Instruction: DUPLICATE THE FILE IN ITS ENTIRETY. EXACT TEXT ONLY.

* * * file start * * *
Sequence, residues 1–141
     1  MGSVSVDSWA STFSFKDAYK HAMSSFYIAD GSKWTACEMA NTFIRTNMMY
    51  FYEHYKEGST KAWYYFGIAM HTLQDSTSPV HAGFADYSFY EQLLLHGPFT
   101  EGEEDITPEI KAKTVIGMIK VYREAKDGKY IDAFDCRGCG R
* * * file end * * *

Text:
Sequence, residues 1–141
     1  MGSVSVDSWA STFSFKDAYK HAMSSFYIAD GSKWTACEMA NTFIRTNMMY
    51  FYEHYKEGST KAWYYFGIAM HTLQDSTSPV HAGFADYSFY EQLLLHGPFT
   101  EGEEDITPEI KAKTVIGMIK VYREAKDGKY IDAFDCRGCG R